Port operators in the GCC region are redefining their operations, adopting port-centric logistics concepts. However, a rapid increase in port capacities across the GCC region has led to a drop in utilisation, as supply growth has outpaced demand. These are among the key findings of a new report by KPMG Lower Gulf, anchored in the new reality – Ports perspectives, which looks at the evolving dynamics of the region’s maritime sector and assesses the future for port operators.
Shahnawaz Nakhoda, Partner, Ports and Logistics, KPMG Lower Gulf said: “The GCC’s strategic geographic location and state-of-the-art infrastructure has enabled port operators to play a vital role in global maritime trade. As the world battles geopolitical trade tensions and the coronavirus pandemic, ports are playing a vital role in keeping the flow of goods moving. Port operators are building a presence across the supply chain to enhance their value proposition.”
Container penetration in GCC countries is more than six times that of the world average and significantly higher than that of major developed nations in the west, the report states, while the development of port-linked free trade zones has contributed to the success of the sector in the region. GCC port operators have continued to invest in infrastructure, expansion and technology, increasing throughput capacity, the KPMG report adds. Currently, the region’s annual average capacity growth is estimated to be 4.2%, double the global average capacity growth of 2.1%. However excess capacity has resulted in a port utilisation rate of 55% compared to the global average of 62%.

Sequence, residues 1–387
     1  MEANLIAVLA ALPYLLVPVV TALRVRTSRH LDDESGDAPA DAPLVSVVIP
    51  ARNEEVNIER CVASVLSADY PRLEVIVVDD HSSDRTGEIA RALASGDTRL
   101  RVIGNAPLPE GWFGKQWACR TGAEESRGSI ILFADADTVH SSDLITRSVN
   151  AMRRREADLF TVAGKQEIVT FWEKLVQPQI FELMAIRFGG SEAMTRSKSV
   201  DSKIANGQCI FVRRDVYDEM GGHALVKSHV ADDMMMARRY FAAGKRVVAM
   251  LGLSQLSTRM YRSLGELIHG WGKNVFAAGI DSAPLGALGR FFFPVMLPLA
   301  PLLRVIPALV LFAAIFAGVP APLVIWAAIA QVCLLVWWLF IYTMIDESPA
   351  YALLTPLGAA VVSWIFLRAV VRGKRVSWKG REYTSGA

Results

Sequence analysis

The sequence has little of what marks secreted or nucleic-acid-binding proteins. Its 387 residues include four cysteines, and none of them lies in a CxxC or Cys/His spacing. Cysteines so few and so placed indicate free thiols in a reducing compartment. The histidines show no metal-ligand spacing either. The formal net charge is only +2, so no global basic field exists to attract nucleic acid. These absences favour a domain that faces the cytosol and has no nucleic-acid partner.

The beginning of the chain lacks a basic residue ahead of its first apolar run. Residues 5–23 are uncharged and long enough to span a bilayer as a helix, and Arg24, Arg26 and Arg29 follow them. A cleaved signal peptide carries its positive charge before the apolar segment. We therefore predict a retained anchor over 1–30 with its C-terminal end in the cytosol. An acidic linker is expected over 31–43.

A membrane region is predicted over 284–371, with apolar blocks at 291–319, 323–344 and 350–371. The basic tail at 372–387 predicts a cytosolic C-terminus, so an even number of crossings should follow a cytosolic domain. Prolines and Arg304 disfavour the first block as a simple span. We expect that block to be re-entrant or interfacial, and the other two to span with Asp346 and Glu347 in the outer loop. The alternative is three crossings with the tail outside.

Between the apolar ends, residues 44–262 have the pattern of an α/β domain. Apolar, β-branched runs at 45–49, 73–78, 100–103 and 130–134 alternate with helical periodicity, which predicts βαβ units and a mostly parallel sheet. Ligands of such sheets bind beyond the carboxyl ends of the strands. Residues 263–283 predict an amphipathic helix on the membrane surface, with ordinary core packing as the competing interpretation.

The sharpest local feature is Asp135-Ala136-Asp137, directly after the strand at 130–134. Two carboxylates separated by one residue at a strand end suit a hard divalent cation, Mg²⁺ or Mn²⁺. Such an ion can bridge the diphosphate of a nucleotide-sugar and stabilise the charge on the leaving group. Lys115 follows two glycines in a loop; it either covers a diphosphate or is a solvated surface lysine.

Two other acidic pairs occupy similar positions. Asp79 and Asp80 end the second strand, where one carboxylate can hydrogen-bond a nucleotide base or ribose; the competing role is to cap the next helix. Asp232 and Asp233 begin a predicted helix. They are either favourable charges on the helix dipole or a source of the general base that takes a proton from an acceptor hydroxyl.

Increased concentration in the shipping industry and the adoption of larger vessels has resulted in demand for higher port productivity and better infrastructure from shipping Ines. To address these requirements, port operators are increasingly investing in technology the report states.
GCC ports handle higher-than-average vessel sizes, as they tend to be transshipment hubs. However, in the UAE and Saudi Arabia the average duration of stay for a vessel in the port is higher than any of the other major maritime geographies, including hubs such as Singapore and Hong Kong.
According to the KPMG report, operators are in response implementing technology-led solutions to increase trade efficiency and establishing initiatives designed to overcome trade barriers, as well as increasing investment in smart port technologies and the integration of the value chain with digital platforms.
Another strategy being adopted is vertical integration between port operators and logistics service providers, either through alliances, or mergers and acquisitions. The report finds these initiatives are picking up pace as port operators seek to increase their overall presence across the trade supply chain. For more information about the KPMG report, please visit https://home.kpmg/ae/en/home/insights/2021/03/anchored-in-the-new-reality.html